Olumuyiwa Babatunde Amao: RE: The Ekiti election and Femi Fani-Kayode’s vituperation
Very recently, precisely on June 23, 2014, Mr Femi Fani-Kayode (FFK), a one-time Minister of Aviation during the Olusegun Obasanjo Presidency published an article titled “Ekiti– some hard lessons for APC”, where he congratulated the People’s Democratic Party and its candidate, Mr Ayodele Fayose over the party’s success in the just concluded gubernatorial elections in Ekiti State. Please permit to also extend my sincere congratulations to Governor-elect-Mr Ayodele Fayose and the out-going Governor-Kayode Fayemi (PhD), both of whom have been magnanimous in victory and in defeat. Nigerian politicians certainly have a lot to learn from the latter, given his uncommon display of sportsmanship, and his concession of defeat.
In the said article, FFK advanced some reasons as to why the All Progressives Congress (APC) lost the election. Arguing essentially that the party lost the election owing to the growing apathy of Nigerians for the party and what he called APC’s cult like modus-operandi, and also due to “their evil, covert and subterranean agenda, or wish to turn the Yoruba people, and indeed the entire south, into perpetual slaves and also because of APC’s patently and unapologetic anti-Christian agenda”. Arguing further, FFK noted that “given the history of our country and the suffering of the people of the South-west over the last 53 years since we gained independence from the British, no true Yoruba nationalist should have anything to do with them.” He further argued that some elements who he claimed are from the ‘Yoruba nation’ “are working day and night to hand over power to a die-hard, ultra-conservative, ”born to rule”, hegemonistic, brutal dictator and despot like Mohammadu Buhari, who believes that Nigeria was bequeathed to him and to his people by God and his forefathers”.
While I absolutely agree that FFK has an inalienable right to his opinion, and as such, owes no one any apology for the views expressed by him, where I however disagree, is FFK’s seeming denial of the truth and his consistent situation of Nigeria’s current dilemma within the confines of the APC leadership; particularly, his unswerving ethnic jingoism. FFK, given his self-acclaimed ascription to himself as a progressive, however failed woefully to admit that there is no genealogical difference between the APC and the PDP. He also failed to accept the fact that Nigeria’s problem is not just a Northern problem, but that of every politician who at one time or the other have had the opportunity to preside over the affairs of this entity called Nigeria, himself inclusive.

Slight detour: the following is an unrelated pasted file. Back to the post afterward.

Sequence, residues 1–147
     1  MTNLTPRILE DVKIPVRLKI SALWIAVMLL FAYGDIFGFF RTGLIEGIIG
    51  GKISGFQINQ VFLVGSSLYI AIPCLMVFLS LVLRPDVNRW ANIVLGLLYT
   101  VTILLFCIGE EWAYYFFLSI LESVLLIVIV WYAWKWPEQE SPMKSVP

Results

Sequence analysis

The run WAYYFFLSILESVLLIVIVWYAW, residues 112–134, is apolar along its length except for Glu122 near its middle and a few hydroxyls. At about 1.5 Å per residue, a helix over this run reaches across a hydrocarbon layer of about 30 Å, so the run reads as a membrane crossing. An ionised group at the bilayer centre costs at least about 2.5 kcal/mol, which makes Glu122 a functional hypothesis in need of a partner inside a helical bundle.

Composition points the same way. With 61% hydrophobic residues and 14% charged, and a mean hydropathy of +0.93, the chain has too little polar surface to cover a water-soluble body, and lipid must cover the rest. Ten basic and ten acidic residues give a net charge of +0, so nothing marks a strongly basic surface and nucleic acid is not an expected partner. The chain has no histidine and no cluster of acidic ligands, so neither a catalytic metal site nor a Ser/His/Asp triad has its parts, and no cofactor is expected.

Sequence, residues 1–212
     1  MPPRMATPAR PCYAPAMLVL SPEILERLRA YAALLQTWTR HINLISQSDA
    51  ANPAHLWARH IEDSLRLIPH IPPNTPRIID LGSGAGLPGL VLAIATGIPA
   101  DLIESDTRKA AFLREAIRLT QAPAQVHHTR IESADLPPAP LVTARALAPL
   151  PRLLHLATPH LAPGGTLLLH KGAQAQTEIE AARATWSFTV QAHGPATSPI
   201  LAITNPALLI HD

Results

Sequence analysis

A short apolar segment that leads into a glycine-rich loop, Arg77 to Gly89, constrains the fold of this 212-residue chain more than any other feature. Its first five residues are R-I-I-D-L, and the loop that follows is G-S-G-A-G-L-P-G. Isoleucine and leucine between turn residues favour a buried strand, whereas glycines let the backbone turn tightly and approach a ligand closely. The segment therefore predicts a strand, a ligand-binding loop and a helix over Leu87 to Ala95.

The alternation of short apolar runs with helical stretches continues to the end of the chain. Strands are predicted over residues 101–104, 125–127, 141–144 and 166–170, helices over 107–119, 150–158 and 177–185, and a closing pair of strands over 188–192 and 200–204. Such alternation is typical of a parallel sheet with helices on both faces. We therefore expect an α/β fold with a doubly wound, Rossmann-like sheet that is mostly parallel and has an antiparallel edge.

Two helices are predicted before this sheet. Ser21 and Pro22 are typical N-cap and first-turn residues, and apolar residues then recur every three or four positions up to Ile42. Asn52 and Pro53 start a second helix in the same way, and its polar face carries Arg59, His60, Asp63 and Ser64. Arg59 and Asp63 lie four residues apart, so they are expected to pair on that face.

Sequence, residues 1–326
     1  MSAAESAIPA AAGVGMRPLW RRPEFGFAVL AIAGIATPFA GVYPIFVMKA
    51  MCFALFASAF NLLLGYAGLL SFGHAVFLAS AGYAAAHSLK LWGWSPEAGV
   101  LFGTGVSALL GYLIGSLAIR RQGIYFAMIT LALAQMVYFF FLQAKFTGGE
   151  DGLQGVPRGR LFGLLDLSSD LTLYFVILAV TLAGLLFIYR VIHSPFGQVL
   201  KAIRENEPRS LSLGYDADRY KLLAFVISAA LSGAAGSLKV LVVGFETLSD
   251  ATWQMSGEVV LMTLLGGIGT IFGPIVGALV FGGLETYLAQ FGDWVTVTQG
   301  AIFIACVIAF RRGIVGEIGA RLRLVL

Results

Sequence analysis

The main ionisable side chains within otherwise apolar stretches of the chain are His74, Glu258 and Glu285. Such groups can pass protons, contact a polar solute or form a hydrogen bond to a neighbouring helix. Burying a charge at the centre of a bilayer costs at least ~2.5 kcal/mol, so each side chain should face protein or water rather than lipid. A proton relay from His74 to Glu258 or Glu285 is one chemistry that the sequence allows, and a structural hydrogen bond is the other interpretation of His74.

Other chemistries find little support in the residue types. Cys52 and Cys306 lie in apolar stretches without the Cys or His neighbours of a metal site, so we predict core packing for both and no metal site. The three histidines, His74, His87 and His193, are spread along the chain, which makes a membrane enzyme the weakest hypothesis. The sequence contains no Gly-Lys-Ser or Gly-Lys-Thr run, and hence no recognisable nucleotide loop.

For the purpose of this article therefore, I will disagree with FFK on the following grounds. The first is on FFK’s claim that Fayemi lost the elections in Ekiti owing to the growing disdain Nigerians are beginning to have for the party, a claim which implies that Fayemi was merely a victim of APC’s rejection by the EKITIs and the Yoruba people in general. With all due respect to FFK, I think he goofed in this regard. Several arguments have been advanced has responsible for Fayemi’s loss in Ekiti, out of which I do not think ‘APC’s perceived rejection’ by the Ekiti people is a major factor. In my opinion, Fayemi (and not the APC) lost the elections primarily because he failed to understand the political sociology of the Ekiti people. Several months before the election, there were a number of policies which Fayemi’s administration took, and which supposedly had not gone down with most Ekitis’ particularly the civil servants, most notably of which was the Competency Test/Teachers Development Needs Assessment (TDNA). As a consequence of this spat, the outgoing governor refused to pay the new Teachers’ Salary Structure (TSS) until a few weeks to the election when it had become very glaring that the Ekiti teachers and civil servants had made up their minds to vote him out, with majority of them believing that Fayemi’s civil service reforms are too frontal and insulting.